I went to view the remains at two in the afternoon. The chapel was deserted. The coffin was uncovered. The gentleman was Catholic, and they had placed a wooden crucifix on his chest. I stood beside him for nearly 10 minutes. He was robust or, rather, fat. When I knew him in Paris, he was about 50, svelte and agile. Old age, perhaps a hard life, had turned him into a fat, flabby old man.
At the foot of the coffin, on a small lectern, lay a register open to receive the signatures of visitors. A few names had been written there, but none I recognised. Perhaps they were old colleagues, people who lived through the same battles, retired journalists.
A month later Pereira paid his visit to me. I didn’t know what to say to him then and there. And yet I dimly understood that his vague self-presentation as a literary character was symbolic, metaphoric: somehow he was the ghostly transposition of the old journalist to whom I bid my last farewell. I felt embarrassed, but I warmly welcomed him.
That September evening I divined that a spirit drifting in the ether needed me to tell his story, to describe a choice, a torment, a life. In that privileged space which precedes the moment of falling asleep – and which I find most suitable for receiving visits from my characters – I told him to come back, to confide in me, to tell me his story.
He came back, and I immediately found a name for him: Pereira. In Portuguese “Pereira” means “pear tree”, and like all the names for fruit trees, it is a surname of Hebrew origin, just as in Italy the surnames of Hebrew origin are the names of cities. With this name I wanted to pay homage to a people who had left a great imprint on Portuguese culture and suffered the injustices of history. But there was another reason, literary in origin, which led me to this name: a brief interlude by TS Eliot entitled “What About Pereira?” in which a fragmentary conversation between two friends evokes a mysterious Portuguese man named Pereira, about whom nothing can ever be known.
About my Pereira, however, I began to know many things. In his nocturnal visits he told me that he was a widower who suffered from heart disease and unhappiness. He loved French literature, especially Catholic writers between the wars, such as François Mauriac and Georges Bernanos. He was obsessed with the idea of death. His closest confidant was a Franciscan named Father Antonio, to whom he shuddered to confess his heresy: he didn’t believe in the resurrection of the body.
Later Pereira’s confessions, joined to my writerly imagination, produced the rest. Through Pereira I located a crucial month in his life, a torrid month, August of 1938. I recalled Europe on the brink of disaster, the second world war, the Spanish civil war, the tragedies of our recent past. And in the summer of 1993, when Pereira – who had now become my old friend – told me his story, I was able to write it. I wrote it at Vecchiano, in two equally torrid months of furiously intense work.
By a lucky coincidence, I finished writing the last page on the 25 August. I wanted to record that date on the page because it is an important day for me: my daughter’s birthday. I felt it was a sign, an omen. The happy day of my child’s birth also gave birth – thanks to the effort of writing – to the story of a man’s life. Perhaps, in the inscrutable weave of events that the gods bestow on us, everything has its meaning.”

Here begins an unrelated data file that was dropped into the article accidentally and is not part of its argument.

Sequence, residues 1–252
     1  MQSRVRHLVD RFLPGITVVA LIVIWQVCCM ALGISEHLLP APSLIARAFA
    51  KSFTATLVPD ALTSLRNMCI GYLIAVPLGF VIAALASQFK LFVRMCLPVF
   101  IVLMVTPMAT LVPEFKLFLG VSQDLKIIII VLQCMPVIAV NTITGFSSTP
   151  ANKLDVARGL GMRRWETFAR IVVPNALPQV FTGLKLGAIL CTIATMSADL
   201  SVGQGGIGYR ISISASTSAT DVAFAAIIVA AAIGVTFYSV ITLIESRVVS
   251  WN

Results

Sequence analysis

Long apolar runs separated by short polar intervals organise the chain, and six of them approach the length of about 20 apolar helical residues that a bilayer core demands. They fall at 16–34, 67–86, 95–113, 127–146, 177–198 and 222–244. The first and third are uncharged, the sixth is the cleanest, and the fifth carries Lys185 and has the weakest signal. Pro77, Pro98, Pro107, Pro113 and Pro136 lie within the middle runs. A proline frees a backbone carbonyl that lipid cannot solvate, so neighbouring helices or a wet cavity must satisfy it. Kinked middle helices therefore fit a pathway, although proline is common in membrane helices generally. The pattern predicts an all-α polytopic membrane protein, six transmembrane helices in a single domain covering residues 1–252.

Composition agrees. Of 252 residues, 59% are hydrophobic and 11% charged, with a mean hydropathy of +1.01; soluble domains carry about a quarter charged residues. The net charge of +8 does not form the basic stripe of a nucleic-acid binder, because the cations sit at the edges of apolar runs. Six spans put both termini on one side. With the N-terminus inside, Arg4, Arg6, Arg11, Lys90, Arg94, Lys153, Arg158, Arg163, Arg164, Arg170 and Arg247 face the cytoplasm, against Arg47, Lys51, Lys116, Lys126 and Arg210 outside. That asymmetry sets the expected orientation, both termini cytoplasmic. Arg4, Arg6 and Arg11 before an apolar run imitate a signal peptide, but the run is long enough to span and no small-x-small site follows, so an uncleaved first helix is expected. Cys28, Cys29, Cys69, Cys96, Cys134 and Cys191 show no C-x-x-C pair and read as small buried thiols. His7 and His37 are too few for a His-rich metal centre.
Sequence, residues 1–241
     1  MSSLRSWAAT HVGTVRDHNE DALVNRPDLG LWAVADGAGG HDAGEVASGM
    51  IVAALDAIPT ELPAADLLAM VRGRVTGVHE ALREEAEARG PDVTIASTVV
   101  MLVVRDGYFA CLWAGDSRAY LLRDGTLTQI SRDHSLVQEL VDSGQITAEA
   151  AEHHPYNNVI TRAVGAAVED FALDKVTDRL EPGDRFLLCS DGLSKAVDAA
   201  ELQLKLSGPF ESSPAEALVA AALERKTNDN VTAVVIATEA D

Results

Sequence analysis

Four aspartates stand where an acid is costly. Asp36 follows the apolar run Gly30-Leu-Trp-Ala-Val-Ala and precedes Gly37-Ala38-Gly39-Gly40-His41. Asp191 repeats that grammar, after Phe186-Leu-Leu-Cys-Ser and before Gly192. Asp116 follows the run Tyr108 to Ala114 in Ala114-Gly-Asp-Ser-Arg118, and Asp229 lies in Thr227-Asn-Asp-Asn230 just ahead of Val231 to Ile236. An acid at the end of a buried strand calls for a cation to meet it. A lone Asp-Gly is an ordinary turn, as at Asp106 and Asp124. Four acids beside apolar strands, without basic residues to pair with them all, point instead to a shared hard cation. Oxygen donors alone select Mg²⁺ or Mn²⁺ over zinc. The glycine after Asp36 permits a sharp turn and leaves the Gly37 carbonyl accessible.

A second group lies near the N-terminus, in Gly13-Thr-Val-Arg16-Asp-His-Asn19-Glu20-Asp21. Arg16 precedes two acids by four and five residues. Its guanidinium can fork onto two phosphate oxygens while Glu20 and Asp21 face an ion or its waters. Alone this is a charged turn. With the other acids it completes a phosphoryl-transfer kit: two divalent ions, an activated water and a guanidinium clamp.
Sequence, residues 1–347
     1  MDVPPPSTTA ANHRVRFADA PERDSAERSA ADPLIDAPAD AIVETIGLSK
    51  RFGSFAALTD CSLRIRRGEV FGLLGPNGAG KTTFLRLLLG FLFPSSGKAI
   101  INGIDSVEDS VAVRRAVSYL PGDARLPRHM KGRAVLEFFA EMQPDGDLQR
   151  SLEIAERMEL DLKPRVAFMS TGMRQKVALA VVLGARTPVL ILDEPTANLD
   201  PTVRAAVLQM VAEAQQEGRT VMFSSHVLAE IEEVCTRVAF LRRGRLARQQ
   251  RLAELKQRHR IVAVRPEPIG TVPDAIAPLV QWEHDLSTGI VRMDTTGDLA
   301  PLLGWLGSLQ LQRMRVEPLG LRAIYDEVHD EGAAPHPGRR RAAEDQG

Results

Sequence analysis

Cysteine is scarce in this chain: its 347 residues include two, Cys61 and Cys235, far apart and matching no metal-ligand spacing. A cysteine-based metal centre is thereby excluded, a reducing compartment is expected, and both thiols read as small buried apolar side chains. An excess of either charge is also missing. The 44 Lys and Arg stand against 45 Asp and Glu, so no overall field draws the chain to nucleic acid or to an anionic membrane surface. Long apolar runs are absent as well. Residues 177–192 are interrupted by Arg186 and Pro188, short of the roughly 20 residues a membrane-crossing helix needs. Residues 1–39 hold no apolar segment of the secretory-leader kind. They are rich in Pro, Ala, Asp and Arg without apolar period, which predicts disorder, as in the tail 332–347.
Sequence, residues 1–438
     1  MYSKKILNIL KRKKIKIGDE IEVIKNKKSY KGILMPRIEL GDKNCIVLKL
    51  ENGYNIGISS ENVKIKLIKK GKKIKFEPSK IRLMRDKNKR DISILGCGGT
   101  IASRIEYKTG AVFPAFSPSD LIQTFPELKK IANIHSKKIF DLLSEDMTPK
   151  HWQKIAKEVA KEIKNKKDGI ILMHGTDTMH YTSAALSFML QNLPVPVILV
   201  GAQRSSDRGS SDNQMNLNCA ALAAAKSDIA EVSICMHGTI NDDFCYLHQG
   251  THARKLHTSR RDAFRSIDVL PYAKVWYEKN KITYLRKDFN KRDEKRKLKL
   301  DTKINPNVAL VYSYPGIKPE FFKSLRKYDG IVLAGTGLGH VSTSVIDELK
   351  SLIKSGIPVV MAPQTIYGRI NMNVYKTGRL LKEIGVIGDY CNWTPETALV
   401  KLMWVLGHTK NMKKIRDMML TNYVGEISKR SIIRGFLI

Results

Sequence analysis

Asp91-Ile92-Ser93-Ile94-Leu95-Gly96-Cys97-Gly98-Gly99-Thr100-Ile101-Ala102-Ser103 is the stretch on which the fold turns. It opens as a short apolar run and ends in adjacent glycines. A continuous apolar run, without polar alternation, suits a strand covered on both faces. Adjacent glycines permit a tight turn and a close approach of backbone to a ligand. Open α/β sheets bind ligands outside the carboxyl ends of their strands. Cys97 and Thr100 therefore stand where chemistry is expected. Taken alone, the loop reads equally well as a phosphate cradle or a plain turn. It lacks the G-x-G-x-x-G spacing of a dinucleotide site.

• Antonio Tabucchi died on 25 March 2012. This article about the writing of Pereira Maintains (Canongate) was translated by Lawrence Venuti.
Suzanne Moore rightly criticizes the back-to-rote-learning-the-times-table fever that has so gripped this British Government and the chaterati generally.
We could ask writers about reading, but why listen to the likes of Michael Rosen when we can bang on about phonics, which naturally enough children must be immediately tested on as soon as they get the gist? According to the Daily Mail, a government initiative to test school literacy levels will see more than 500,000 six-year-olds asked to read made-up words such as “jound”, “terg”, “fape” and “snemp”. What a perfect way to symbolise our obsession with testing. We test nonsense when we could “gyre and gimble in the wabe”. We could get kids to do what they already do – imagine words. Sorry to bring this up, this awkward issue of imagination, but having observed 22 years of state education, I see its slow strangulation.
Of course, many are reassured by this return to tradition, an education in conformity, with its refusal to teach students how to code, source, verify and interpret data, and its division between arts and sciences when it is at this crossover that some of the best thinking is being produced. All this explains the continual cracks made at media studies, which is about learning to negotiate a mediated world through something other than 19th-century novels – mad, huh? But it is an exercise in sentimentality, not a design for living for now.
The current doublespeak means that free schools are not free at all. Intelligence, the ability to connect and create ideas, the so-called thinking outside the box – these things are hardly likely when the box itself is idolised. Far be it for me to advocate a return to actual free schools where my friends’ kids learned to make a dope table, but to purchase wholesale the idea that this return to “traditional methods” works for all is stupid. Evidence tells us otherwise. As a policy, it is more about what works for politicians than what works for children.
Our political class is indeed the pinnacle of smug regurgitation. Many are the products of the very best education, and what do they desire? Only to replicate what they know, not to transform the world. As our access to information widens, our education system could open up. Instead, it narrows itself to certainties that anyone with half a brain would have questioned a long time ago. Go to school, get a good job, don’t ask what it’s for. Freedom does not come from thinking by rote. Whatever they tell you.”